Okay this is one of those that I got in email and unlike dozens per day that I delete, this one actually caught my eye and sounded like something you folks would be interested in. This is the first, and only, upgradable/repairable wireless charger and their Kickstarter campaign has gone CRAZY. Check out their press release below, it has a lot of images and info some give it a minute to load and then get over there and support the campaign and see if we can help them get over the $100k mark
Our smartphones are built with extraordinary components: almost unbreakable minerals, sapphire coated lenses, and vapour deposited metallics. By contrast, the accessories market is awash with wholly plasticated devices, with little design and material consideration. Most of these products are filled with adhesives, making them near impossible to take apart and completely irreparable: when one component gives up, the whole device is disposed of.
Charging points are in our constant periphery; on our nightstands, kitchen tops, and workstations. It stands to reason that devices which permeate our lives should be those that we can appreciate for their design, materiality and product-lifecycle ethos.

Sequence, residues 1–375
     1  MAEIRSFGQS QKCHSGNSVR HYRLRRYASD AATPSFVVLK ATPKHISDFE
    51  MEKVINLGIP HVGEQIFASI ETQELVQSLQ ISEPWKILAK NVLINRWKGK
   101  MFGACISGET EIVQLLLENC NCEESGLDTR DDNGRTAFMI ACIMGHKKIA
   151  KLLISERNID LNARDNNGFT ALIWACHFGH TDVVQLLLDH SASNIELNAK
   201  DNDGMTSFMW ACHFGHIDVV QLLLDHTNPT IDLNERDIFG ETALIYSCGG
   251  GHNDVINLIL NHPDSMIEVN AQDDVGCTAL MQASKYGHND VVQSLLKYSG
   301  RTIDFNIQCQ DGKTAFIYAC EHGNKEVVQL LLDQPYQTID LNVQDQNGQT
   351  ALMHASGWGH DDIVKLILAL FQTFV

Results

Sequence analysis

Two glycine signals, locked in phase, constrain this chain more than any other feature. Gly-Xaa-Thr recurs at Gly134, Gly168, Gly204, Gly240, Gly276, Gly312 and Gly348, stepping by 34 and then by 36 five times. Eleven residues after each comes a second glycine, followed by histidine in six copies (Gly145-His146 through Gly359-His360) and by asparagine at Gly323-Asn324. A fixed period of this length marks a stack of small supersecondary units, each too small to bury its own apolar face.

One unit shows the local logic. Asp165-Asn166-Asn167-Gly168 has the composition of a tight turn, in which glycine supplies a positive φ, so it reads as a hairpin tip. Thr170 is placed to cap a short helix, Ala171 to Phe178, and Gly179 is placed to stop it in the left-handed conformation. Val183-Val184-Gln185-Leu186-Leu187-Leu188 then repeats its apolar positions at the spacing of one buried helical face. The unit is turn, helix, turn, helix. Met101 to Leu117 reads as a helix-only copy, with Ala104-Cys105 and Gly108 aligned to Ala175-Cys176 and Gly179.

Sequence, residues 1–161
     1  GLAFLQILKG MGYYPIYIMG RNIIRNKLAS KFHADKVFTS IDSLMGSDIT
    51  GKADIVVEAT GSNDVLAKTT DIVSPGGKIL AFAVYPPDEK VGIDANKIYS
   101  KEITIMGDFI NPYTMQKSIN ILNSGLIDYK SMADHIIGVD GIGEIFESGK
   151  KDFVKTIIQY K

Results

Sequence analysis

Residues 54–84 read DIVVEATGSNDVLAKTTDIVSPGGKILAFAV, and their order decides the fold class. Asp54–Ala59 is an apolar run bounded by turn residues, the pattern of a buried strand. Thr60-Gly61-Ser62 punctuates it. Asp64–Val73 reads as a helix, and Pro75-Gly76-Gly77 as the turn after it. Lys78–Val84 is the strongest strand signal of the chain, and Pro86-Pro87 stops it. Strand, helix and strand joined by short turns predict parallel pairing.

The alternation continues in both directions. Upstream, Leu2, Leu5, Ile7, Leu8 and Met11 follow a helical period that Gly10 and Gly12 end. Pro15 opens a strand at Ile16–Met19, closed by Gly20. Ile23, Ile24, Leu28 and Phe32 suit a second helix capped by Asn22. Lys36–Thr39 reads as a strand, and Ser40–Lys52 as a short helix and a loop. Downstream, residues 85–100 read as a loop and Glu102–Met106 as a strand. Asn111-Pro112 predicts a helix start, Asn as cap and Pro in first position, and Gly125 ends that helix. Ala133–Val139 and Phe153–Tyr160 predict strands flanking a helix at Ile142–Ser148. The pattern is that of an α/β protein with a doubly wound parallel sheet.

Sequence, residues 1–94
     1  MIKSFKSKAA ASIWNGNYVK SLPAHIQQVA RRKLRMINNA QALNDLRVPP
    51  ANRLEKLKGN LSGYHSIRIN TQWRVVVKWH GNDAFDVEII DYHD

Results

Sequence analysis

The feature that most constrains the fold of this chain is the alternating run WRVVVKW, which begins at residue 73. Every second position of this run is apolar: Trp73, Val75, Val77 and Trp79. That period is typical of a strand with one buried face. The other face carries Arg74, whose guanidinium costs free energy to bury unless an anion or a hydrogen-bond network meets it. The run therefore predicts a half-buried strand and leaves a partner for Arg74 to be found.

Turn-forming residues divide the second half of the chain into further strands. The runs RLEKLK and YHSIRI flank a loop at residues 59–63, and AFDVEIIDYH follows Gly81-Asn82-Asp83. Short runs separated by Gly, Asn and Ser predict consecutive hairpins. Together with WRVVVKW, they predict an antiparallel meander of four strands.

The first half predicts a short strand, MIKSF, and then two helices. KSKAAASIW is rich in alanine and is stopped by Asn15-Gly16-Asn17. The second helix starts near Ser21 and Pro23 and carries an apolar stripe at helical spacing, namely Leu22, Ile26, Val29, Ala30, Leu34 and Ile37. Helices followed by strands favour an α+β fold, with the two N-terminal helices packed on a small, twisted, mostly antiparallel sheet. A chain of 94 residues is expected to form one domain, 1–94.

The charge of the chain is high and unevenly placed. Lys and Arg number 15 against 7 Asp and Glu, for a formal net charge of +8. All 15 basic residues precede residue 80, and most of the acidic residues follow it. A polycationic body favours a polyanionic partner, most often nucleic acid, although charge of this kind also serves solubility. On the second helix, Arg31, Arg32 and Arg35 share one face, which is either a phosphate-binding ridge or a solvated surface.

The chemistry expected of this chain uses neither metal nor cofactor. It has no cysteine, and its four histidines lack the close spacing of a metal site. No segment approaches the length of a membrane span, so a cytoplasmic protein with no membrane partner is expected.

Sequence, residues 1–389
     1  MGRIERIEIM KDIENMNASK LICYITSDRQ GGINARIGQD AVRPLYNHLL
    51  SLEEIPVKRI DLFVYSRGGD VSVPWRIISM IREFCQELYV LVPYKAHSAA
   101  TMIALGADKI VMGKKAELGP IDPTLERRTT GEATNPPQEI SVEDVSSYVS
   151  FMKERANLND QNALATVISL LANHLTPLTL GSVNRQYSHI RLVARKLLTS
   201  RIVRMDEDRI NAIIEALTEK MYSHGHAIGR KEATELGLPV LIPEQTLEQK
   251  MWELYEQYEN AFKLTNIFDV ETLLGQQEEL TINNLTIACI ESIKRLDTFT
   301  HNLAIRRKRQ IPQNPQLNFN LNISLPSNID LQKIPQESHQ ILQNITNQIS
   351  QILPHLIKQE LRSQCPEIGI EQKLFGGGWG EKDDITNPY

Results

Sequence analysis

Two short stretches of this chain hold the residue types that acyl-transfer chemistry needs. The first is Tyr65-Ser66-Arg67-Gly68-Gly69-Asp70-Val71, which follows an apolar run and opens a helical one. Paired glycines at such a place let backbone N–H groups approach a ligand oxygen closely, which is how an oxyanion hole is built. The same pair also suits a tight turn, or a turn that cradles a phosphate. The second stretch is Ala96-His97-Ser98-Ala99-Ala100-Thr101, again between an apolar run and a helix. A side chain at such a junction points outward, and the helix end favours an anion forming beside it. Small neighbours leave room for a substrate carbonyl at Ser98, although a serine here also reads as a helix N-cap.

Biscuit is an antidote to the ill-considered accessories market. It’s encased in either zirconia-graphite, or pure zirconia: one of the hardest materials in the world. Zirconia’s toughness and thermal properties find itself in aerospace and industrial processing, but has also cropped up in the high-end watch market as a scratch resistant alternative to steel. It’s a
technical ceramic that can be moulded and machined – and is usually sintered at around 1500/2700 (C/F) degrees. Resulting in a Mohs hardness of 8 (which is 2 below diamond! [incredibly hard!!]).
Biscuit encased in zirconia-graphite ceramic.
Biscuit is also fully – and easily – repairable. It was developed without the use of adhesives in the assembly, because adhesives either don’t age well (every laptop I’ve owned has lost at least one foot in its lifetime), or they make it difficult to reassemble components neatly. Biscuit uses a novel anchoring method to plug the silicone parts to the body, so that the entire assembly can be taken apart in less than 30 seconds.
It’s inevitable that over time the Qi standard will increase in capacity. As this occurs we will – as far as technologically possible – produce Biscuit cores that can be used to supplant their predecessors. Should for any reason future technology require more space for components, it has been designed into the product, with space allocation above the circuit board.